Thursday, June 09, 2005

Design in Aotearoa

Kia Ora,

You may have noticed that my latest post are quotes or just quick links... I've been bussy lately with all this business planning, etc. Anyway, I need to take a break from that, so it's time to answer to Karla's request. The international directory of design has a list on the major tertiary education providers with some kind of design studies. I'll review them one by one:

Otago is NZ's prestige University. Design Studies became a full department quite recently ( 2001 ) and is also gaining prestige. One of their students won the product category of designboom's kitchen competition. Pros: they are integrating students from cross disciplines, just like at ITESM Marketing, IMAs, IMEs and LDI are together on some classes. Cons: Dunedin is down south, that means it gets really cold... if you like to snowboard, then is OK.

Victoria is where I started my Ph.D. (but never finished). They look at design in a wider context, so that everything designers do has an impact on culture, environment, society, etc. Functions are not pieces of a design puzzle, function is when the user makes sense of the product. So every design decision has an impact on the final result on each aspect (impact from inside the product to the outside world) while we usually take considerations (design constraints) from the outside sources (production, materials, user, etc) and put them on our designs from outside-in. Their facilities are excellent and the work studios are a nice environment to work in. Pros: Wellington is a city full of design and creativity and despite the weather a nice place to live. Look at the student's gallery.

AUT is NZ's youngest university. They are slowly getting into a university approach, but they still got some of the "hands on" philosophy typical of a polythechnic. Cons: they only offer fashion, graphic and interior.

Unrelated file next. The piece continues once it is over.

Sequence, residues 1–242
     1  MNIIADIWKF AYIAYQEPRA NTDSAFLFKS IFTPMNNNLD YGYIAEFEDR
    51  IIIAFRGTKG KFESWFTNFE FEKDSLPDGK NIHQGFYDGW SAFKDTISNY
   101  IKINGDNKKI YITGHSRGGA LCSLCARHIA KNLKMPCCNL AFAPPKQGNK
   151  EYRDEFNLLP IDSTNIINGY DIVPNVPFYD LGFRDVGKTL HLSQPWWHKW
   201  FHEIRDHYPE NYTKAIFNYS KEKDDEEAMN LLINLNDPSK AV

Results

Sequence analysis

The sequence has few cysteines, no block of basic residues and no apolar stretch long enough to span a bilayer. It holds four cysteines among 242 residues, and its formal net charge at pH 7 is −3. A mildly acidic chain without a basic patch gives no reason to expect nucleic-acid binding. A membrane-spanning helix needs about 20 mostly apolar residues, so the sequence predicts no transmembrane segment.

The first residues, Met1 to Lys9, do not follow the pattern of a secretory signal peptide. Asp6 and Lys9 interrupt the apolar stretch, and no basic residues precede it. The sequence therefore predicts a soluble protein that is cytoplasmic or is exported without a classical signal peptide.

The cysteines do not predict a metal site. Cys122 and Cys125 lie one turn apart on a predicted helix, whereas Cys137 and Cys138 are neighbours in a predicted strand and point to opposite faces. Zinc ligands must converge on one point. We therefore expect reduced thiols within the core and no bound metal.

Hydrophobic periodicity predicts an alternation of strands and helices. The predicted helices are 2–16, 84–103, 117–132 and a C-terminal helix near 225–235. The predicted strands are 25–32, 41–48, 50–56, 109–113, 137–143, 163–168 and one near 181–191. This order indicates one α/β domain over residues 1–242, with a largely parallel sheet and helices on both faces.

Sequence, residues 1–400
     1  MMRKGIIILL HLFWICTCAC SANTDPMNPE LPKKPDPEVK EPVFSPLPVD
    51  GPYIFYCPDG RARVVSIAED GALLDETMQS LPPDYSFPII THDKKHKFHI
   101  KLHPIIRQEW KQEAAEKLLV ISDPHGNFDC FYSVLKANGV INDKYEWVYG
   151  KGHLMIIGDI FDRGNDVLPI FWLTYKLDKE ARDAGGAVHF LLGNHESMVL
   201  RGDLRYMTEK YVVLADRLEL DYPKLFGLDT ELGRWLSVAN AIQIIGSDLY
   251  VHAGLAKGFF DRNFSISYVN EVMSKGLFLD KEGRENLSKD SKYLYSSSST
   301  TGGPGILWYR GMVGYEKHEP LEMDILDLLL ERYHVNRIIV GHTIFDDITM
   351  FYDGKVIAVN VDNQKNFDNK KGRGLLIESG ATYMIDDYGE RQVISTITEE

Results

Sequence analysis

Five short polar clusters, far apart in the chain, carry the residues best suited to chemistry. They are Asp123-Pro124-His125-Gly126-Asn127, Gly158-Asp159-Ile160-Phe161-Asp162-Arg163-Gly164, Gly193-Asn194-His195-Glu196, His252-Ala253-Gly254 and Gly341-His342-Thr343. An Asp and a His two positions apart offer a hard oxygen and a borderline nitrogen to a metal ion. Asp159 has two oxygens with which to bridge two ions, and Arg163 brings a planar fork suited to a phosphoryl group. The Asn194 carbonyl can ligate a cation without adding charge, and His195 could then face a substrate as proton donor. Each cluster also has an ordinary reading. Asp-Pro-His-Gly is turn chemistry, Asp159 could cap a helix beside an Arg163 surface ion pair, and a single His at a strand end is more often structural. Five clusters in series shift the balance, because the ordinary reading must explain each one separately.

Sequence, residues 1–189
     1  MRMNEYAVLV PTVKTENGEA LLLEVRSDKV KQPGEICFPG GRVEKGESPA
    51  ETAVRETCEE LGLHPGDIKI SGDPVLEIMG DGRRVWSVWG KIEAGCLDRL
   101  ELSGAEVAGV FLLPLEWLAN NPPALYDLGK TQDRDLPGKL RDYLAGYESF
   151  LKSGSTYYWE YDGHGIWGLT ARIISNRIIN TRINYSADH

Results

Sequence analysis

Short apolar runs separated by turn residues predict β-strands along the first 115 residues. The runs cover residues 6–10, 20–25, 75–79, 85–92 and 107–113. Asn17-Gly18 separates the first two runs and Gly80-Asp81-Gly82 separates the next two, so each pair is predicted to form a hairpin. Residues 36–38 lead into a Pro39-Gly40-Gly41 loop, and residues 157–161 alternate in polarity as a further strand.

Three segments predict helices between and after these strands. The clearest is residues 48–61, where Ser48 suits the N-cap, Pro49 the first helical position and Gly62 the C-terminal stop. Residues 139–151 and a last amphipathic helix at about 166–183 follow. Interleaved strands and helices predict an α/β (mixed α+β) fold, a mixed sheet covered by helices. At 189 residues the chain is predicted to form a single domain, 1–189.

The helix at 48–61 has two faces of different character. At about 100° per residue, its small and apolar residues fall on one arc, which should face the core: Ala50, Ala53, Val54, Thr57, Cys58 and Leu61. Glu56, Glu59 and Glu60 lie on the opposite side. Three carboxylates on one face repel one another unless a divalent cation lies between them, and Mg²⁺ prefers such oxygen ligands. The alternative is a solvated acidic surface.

Auckland University does not have industrial or product design. However, their fine arts school (ELAM) and the architecture school are very prestigious.

Massey is a multicampus university and they offer industrial design at their 3 locations: Wellington (a.k.a. "the creative campus") Palmerston North and Auckland (Albany). Their design philosophy is quite similar to ITESM's : Industrial design is concerned with designing better products and interior spaces used in daily life. Industrial designers help to improve our standard of living and quality of life and contribute to our material culture and national identity. Good design is an essential element in the achievement of business success and wealth creation. The programme’s objective is to produce responsible innovators with the knowledge and skills to explore new design thinking, to use materials and processes creatively, to humanise new technologies in the changing market place, and to respond sensitively to socio-cultural and environmental needs internationally. They also have a Master's which is quite similar to the "innovation" master's at Tec.

There are also some polytechnics that offer design studies like Christchurch or Unitec but they have a more pragmatic approach to design, they focus on the technical work (that is good if you are only looking to be an employee) not on the entrepeneurial side wich looks into the process and management of design. Look at my previous post or read the interview with Han Hendriks from DDC to see the difference.

Here are some other NZ design web sites that you might want to look at.

Dividers are courtesy of

Update: I just found this site about NZ schools... offers information on new zealand education including new zealand universities, new Zealand schools, new Zealand education courses, so for any information on new zealand education, new Zealand universities, new Zealand schools follow this link

I also have several links to schools and organizations on my web site. Go visit! I hope this information is useful to you, if you have any questions or like to know more, just let me know.

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